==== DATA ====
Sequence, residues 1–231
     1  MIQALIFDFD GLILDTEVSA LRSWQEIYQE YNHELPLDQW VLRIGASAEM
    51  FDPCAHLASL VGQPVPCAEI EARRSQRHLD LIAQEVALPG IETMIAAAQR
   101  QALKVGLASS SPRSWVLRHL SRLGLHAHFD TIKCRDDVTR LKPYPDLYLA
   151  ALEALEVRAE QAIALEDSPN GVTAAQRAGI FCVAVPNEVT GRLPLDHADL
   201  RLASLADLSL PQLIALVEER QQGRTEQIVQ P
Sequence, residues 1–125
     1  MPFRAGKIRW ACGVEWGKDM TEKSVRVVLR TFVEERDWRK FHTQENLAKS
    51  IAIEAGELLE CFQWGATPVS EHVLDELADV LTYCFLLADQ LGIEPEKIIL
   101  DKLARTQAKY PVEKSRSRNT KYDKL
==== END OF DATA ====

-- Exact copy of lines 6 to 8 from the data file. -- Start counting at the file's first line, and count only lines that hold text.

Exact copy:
   201  RLASLADLSL PQLIALVEER QQGRTEQIVQ P
Sequence, residues 1–125
     1  MPFRAGKIRW ACGVEWGKDM TEKSVRVVLR TFVEERDWRK FHTQENLAKS